The phone was ringing as soon as I entered the loft.  I knew it was Maureen checking up on me, even though I just left her apartment.  It was the first time I've been back to the loft since… well since we had to call the ambulance.

          Nine days ago, one hundred and sixty three hours, nine thousand seven hundred and eighty minutes ago… everything was perfect and then it all changed.  The machine finally picked up and I heard his voice with mine yell "Speak!" into the recorder.  I tuned out Maureen's ramblings and looked around the room.  Everything was exactly as we had left it.

          His half drunken beer bottle still sat at the edge of the table.  My cup of tea, with the bag still resting inside was now ice cold and black.  The day's mail was scattered on the table, unopened and ignored.  The Village Voice, was on the floor coved with the traces of blood that started it all.

          He had been coughing.  A slight cold, nothing to worry about, he told me.  As he was drinking his beer and reading his paper, a hard, rough cough shook the room.  I turned to look at him, to see if he was ok, and I noticed his face was as bright red as the paper now in front of him. 

          I called for an ambulance right away.  I helped him down the stairs as he held a white towel to his mouth, not even protesting me.  The ambulance came and took us away.

          My hand drifts to the beer bottle, but then I pull it away as soon as contact is made.  If I move it, will it mean he's really gone?  I look around the rest of the loft.  He is everywhere.  His guitar stands tall against the wall, leaning against it's case.  Cassette tapes, missing covers and labels, probably filled with his voice are piled nearby, waiting to be organized or listened to again.  His bedroom door remains half closed.  It is the only thing I can change.  I walk over to it and pull it closed completely.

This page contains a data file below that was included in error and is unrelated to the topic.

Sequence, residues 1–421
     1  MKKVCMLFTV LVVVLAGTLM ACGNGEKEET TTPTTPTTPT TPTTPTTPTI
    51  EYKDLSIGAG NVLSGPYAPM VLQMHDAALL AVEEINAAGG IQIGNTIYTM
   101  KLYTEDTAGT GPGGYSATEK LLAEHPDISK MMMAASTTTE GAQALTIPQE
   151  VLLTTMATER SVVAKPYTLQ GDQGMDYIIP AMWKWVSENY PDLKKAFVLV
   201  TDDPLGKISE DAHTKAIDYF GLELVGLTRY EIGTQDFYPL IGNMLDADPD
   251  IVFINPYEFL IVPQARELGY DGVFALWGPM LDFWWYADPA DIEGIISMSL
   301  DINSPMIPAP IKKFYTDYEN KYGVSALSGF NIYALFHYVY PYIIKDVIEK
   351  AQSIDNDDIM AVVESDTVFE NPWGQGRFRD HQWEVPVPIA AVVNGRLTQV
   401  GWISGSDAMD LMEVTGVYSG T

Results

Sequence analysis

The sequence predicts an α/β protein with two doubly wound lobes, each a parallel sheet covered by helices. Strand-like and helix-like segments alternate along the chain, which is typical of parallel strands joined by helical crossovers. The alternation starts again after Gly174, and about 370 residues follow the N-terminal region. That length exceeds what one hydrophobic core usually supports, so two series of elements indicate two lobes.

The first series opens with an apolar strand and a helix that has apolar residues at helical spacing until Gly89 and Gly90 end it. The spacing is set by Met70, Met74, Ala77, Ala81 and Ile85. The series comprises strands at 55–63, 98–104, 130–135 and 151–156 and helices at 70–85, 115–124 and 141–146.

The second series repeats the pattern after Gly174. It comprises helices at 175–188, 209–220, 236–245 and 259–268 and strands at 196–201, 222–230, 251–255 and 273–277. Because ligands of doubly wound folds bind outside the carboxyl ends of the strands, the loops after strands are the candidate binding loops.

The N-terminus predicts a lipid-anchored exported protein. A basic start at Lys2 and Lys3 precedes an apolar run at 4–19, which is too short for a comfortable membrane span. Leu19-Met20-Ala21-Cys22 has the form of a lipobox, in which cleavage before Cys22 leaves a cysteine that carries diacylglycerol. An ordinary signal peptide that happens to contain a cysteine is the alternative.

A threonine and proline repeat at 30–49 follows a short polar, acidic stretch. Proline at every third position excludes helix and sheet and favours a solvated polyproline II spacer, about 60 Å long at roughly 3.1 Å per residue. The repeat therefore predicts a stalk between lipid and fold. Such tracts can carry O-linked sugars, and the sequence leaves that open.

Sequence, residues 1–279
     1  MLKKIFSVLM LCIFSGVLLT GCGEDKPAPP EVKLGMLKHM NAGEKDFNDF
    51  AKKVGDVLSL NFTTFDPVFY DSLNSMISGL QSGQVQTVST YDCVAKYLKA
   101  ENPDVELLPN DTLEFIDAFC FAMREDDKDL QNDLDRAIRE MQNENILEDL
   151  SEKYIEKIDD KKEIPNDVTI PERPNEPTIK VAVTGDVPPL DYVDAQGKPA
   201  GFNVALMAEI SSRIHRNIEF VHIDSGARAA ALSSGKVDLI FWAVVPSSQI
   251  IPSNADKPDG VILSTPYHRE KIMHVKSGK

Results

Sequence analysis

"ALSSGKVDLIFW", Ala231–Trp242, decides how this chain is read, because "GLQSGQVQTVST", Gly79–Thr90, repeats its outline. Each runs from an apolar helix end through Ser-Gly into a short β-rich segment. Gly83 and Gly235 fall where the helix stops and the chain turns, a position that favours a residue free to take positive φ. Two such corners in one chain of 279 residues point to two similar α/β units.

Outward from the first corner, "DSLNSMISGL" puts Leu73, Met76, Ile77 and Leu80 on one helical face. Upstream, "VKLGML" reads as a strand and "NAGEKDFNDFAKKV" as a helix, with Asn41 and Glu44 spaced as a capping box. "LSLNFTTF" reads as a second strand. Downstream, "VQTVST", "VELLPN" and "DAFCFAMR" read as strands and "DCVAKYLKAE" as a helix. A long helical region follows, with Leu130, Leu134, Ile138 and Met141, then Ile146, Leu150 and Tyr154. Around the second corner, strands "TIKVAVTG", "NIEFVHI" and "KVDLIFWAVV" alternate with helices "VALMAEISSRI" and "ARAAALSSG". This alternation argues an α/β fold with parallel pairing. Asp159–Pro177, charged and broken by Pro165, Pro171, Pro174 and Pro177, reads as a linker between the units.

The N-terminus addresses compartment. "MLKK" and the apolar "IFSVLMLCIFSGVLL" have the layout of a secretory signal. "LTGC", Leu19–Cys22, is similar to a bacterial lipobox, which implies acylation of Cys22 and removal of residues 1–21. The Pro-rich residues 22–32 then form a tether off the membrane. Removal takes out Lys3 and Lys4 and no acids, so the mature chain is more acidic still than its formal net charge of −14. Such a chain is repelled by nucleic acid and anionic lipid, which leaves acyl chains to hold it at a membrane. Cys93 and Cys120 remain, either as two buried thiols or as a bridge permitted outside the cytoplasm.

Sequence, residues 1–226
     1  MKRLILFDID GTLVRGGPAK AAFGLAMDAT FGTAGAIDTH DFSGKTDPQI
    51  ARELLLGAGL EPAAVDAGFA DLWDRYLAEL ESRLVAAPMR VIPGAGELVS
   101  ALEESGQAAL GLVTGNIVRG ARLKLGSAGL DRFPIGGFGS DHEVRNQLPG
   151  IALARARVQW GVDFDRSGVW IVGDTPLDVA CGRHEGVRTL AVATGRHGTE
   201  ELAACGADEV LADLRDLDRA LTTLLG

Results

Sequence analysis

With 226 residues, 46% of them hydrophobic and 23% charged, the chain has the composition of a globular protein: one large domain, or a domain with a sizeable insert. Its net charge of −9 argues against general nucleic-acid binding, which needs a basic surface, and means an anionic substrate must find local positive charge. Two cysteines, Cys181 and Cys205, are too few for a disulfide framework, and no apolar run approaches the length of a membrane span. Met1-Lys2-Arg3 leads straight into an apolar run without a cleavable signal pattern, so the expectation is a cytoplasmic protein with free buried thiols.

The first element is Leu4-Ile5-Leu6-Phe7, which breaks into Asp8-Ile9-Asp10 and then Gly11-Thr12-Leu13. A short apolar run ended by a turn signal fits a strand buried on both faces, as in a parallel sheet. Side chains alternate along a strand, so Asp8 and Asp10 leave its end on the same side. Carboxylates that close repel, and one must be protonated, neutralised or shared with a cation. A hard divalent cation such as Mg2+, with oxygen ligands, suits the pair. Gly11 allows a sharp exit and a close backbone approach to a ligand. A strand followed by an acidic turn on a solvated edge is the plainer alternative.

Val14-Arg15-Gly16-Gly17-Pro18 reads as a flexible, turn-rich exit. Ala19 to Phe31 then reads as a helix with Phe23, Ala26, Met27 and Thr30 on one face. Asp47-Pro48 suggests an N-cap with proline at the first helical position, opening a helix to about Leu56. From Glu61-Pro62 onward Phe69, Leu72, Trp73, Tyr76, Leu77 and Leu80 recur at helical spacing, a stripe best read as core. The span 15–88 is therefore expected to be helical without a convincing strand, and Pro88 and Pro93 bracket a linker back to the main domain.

I escape from him by going into my room.  My room was a sanctuary from him, from his touch, his voice, his scent.  I walk in and realize he's there too.  The first thing I see is the old Well Hungarians shirt he gave me when we first met.  In my corner there are film canisters, waiting to be organized and labeled, with his image and laugh and voice and him on them.  He is everywhere.

The phone rings again and I run to answer it.

"Maureen?"  I whisper.  "I can't do this."

"Come back here, sweetie."

"I can't…. he is everywhere…"

"Just come back here." 

I nod silently as I hang up the phone, grab my backpack and head out the door.

Leaving the half-empty beer bottle on the table.  Leaving the half-empty loft behind.